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Monitor Installer/Program Changes in Windows

posted Aug 26, 2016, 8:09 AM by Danny Xu   [ updated Aug 26, 2016, 12:00 PM ]

Spyme Tool (real time monitor file changes)
It does have one drawback though because there is only the facility to snapshot either files or registry, not both together, changeable in the Current Mode option on the toolbar

Old y2k app, but still work great, needs a bit change to work on 64-bit Windows

First, InCtrl5 will need to be run in compatibility mode: Windows XP SP2 compatibility mode (right click the exe and choose "troubleshoot compatibility")

Secondly, there is an issue with it’s output results for 64-bit users as it won’t display the Software\Wow6432Node registry keys as coming from there, but will instead show them as coming from simply Software, something to watch out for.

Inctrl 5 will analyze the /Wow6432 Node/ keys, the results will drop that key from the path even though showing the change.  For instance, if an application puts a new entry in the HKLM\Wow6432 Node\Software key, the results will show that addition as being in HKLM\Software instead--so you would need to check both places for the listed addition.  Have not found anything "funny" in the file listings though.

I tried the Regshot x64 build to compare, and it does correctly label the entries as being in the Wow6432 Node.  However, its file comparison mode crashes the app if you choose to include the Users or ProgramData folders, while InCtrl 5 handles those just fine.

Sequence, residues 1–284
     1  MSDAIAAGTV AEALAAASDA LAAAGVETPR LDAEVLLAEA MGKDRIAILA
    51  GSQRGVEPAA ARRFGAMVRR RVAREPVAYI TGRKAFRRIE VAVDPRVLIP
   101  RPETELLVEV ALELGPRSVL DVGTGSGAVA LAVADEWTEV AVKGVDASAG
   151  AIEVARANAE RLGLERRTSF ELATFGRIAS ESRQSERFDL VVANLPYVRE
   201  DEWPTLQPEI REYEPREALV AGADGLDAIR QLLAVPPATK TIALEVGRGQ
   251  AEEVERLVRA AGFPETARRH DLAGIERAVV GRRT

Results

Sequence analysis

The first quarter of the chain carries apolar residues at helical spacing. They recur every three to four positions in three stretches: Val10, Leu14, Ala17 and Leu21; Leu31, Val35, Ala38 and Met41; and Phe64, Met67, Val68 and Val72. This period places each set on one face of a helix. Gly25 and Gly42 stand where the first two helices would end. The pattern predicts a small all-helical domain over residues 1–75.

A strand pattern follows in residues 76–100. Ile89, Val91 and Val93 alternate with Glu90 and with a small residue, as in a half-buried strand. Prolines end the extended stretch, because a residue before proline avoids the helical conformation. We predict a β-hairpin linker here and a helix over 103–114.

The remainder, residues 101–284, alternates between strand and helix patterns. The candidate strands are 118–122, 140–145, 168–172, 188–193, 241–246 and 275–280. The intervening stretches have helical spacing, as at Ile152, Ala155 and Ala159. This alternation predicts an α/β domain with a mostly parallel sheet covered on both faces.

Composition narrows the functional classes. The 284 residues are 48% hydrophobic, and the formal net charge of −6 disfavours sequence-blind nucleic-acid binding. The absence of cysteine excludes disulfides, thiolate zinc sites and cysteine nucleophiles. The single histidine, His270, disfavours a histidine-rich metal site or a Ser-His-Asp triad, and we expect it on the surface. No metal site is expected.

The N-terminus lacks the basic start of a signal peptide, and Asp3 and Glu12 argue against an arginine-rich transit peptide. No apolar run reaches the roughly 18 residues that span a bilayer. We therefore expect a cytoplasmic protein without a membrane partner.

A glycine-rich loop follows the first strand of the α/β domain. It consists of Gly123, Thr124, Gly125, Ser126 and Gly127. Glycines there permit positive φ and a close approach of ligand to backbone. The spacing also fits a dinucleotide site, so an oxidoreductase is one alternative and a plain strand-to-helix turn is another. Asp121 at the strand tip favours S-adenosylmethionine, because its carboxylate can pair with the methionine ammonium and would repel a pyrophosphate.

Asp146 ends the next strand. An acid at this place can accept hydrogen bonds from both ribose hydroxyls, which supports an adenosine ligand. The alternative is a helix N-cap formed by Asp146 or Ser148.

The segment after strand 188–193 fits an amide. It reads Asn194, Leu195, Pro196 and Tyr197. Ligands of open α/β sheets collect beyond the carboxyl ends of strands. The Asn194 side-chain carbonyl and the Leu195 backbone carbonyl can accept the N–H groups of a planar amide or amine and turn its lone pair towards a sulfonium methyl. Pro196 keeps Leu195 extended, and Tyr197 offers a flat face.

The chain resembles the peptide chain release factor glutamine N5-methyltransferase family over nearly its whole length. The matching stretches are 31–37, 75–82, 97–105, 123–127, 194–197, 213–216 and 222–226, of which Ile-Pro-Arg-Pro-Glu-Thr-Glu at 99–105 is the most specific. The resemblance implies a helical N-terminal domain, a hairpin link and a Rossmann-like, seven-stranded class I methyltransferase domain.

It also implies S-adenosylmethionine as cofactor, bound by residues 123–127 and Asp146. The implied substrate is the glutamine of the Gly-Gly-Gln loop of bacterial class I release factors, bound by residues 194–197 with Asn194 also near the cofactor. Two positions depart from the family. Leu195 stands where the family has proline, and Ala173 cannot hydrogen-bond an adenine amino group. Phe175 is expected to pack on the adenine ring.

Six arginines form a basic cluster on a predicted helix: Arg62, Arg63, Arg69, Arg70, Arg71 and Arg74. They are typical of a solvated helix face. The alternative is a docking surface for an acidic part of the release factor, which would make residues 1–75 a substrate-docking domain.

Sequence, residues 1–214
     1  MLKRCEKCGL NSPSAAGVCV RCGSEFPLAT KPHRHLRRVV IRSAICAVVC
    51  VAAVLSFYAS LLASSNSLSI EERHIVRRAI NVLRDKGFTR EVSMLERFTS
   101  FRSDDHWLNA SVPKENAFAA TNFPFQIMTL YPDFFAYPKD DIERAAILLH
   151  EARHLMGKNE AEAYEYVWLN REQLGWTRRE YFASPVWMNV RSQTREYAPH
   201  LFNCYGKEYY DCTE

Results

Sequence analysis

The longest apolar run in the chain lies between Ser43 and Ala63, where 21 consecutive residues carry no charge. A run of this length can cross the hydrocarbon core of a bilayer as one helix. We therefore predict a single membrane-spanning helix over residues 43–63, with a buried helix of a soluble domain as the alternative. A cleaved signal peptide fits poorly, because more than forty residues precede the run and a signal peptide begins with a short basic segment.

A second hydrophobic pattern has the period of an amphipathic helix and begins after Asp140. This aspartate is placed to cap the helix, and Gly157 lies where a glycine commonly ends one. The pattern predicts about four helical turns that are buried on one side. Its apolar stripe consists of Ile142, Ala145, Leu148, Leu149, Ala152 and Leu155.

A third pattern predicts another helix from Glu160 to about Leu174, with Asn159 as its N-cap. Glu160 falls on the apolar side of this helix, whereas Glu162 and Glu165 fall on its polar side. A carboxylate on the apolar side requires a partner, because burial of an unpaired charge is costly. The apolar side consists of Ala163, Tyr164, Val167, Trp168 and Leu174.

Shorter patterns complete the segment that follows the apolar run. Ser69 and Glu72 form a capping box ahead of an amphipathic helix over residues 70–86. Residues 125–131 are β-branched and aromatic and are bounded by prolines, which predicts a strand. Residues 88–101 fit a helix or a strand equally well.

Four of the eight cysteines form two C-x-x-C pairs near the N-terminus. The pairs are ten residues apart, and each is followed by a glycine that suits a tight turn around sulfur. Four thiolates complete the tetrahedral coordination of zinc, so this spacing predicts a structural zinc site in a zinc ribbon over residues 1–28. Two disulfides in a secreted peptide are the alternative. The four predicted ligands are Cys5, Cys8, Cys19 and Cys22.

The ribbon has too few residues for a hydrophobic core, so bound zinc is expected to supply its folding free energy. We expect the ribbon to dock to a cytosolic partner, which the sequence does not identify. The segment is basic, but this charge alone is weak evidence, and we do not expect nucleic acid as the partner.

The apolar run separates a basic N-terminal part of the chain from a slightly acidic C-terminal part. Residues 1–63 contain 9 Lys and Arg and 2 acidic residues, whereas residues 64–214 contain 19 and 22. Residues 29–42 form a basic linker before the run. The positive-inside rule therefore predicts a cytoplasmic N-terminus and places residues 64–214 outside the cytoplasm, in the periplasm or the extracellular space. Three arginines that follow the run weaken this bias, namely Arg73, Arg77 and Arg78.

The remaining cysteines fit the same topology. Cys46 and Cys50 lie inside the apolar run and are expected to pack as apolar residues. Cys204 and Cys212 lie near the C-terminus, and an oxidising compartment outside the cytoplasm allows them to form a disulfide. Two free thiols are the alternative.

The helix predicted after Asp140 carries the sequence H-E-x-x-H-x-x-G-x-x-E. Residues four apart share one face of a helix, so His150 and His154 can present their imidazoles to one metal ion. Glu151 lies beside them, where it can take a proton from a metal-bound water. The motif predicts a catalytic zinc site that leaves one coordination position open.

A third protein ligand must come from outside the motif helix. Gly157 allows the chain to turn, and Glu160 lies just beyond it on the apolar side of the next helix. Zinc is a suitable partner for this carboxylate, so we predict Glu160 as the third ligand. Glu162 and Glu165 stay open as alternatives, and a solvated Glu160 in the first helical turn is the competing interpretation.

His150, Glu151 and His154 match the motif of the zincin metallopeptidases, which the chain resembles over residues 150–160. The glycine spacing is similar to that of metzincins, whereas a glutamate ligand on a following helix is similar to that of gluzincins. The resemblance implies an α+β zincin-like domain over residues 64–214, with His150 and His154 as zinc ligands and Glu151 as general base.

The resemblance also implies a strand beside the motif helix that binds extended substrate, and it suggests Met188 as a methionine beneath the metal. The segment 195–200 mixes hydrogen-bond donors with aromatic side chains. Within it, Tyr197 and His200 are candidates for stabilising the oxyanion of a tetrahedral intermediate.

What an installer truly does in detail cannot be known, except perhaps by reverse-engineering its binary instructions. Here are a few signs that you can check:

  1. Check for application folders in your Program Files directory. There is usually an entry inC:\Program Files\AppXYZ.
  2. Similarly check the system folders (C:\Windows\System32). Your app could have placed libraries (DLL/OCX/TLBs) here.
  3. Run CCleaner to see if it has created any registry entries. CCleaner also shows some other changes the app could have made such as registration of a MIME type, etc.
  4. Remember to check the .NET GAC (Global Assembly Cache). It contains all the .NET assemblies your app might have registered on your machine. It’s usually in the folder C:\windows\assembly
  5. The obvious (but sometimes the obvious is overlooked!):
    • Start Menu and desktop shortcuts
    • Files in C:\users\USER-NAME\Application Data (CCleaner will show these)
    • Entries in Startup menu and boot.ini (run msconfig to check these)